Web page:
“As a Philadelphia City Commissioner during the 2020 elections, my family and I received death threats simply for fulfilling my duty to certify legitimate election results,” said Schmidt. “I know that election workers across our country are facing similar harassment and intimidation on a daily basis from bad faith actors seeking to delegitimize our elections. That’s why it’s critical that Congress pass this commonsense legislation to protect election officials and safeguard our democratic processes.”
A group of 15 Secretaries of State, led by Minnesota Secretary of State Steve Simon, joined a letter supporting the Election Worker Protection Act and calling on Congress to take action to protect election workers.
“Additional action is needed at the federal level to ensure that all election workers have the necessary support and protection to do their jobs. The Election Worker Protection Act makes clear that these attacks on election workers will not be tolerated,” wrote the Secretaries. “We know what tools are needed to protect election workers, and we look forward to working with Congress to advance this legislation.”
The Election Worker Protection Act would:
- Establish grants to states and certain local government for poll worker recruitment, training, and retention, as well as grants for election worker safety;
- Direct the Department of Justice to provide training resources regarding the identification and investigation of threats to election workers;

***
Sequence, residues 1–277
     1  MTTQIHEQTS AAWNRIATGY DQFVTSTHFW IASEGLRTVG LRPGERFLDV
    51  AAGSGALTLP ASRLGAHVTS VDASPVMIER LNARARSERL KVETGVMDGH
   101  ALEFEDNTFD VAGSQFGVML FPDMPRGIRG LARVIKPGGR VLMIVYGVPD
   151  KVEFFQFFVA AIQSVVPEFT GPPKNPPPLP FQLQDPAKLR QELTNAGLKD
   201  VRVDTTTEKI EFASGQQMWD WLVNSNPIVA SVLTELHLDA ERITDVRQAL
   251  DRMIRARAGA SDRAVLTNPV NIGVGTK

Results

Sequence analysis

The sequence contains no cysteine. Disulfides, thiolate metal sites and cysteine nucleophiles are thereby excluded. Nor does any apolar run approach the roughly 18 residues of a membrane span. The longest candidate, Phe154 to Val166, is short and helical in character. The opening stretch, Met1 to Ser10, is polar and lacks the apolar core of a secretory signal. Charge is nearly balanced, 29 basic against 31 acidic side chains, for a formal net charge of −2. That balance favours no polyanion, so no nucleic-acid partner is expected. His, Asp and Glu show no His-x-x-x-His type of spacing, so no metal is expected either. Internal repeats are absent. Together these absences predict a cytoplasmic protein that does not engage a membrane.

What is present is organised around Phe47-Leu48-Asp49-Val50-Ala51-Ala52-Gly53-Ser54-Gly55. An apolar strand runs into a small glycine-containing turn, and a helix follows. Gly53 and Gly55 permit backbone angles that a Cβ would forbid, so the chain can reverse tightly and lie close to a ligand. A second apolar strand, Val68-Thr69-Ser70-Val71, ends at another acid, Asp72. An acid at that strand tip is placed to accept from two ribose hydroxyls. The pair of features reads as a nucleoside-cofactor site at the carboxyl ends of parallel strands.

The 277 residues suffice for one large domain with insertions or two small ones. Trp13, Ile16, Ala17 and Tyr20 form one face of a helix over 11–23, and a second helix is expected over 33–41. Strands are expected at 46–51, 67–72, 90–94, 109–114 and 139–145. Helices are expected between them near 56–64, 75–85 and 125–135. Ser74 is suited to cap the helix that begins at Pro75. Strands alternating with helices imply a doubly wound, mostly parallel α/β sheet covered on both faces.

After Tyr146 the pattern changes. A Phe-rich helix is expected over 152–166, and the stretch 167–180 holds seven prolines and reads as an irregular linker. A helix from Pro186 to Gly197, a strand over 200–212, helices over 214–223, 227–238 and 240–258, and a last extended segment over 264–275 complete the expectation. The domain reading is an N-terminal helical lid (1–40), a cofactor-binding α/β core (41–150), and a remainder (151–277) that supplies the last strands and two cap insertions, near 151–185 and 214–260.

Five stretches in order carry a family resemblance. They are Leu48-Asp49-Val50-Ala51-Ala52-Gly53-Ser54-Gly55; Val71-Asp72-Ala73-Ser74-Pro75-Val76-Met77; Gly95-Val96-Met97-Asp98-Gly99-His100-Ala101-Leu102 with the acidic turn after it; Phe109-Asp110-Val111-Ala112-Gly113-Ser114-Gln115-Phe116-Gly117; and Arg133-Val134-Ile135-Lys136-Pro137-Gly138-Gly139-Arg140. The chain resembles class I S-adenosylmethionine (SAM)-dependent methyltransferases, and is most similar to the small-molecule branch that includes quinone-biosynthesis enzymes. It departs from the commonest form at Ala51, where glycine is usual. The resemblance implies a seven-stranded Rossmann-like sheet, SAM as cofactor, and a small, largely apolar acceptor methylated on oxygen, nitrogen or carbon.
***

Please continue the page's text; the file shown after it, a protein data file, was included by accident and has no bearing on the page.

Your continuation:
- Provide grants to states to support programs protecting election workers’ personally identifiable information;
- Establish threatening, intimidating, or coercing election workers as a federal crime;
- Expand the prohibition on voter intimidation in current law to apply to the counting of ballots, canvassing, and certification of elections;
- Extend the federal prohibition on doxxing to include election workers; and
- Protect the authority of election officials to remove poll observers who are interfering with or attempting to disrupt the administration of an election.
In addition to Klobuchar and Durbin, the Election Worker Protection Act is cosponsored by Senators Michael Bennet (D-CO), Richard Blumenthal (D-CT), Dianne Feinstein (D-CA), John Hickenlooper (D-CO), Mazie Hirono (D-HI), Angus King (I-ME), Patrick Leahy (D-VT), Ben Ray Luján (D-NM), Ed Markey (D-MA), Jeff Merkley (D-OR), Patty Murray (D-WA), Alex Padilla (D-CA), Bernie Sanders (I-VT), Jeanne Shaheen (D-NH), Tina Smith (D-MN), Debbie Stabenow (D-MI), and Mark Warner (D-VA). The legislation is endorsed by Protect Democracy, End Citizens United / Let America Vote Action Fund, Democracy21, Issue One, Voices for Progress, Transparency International U.S., NETWORK Lobby for Catholic Social Justice, and 20/20 Vision DC.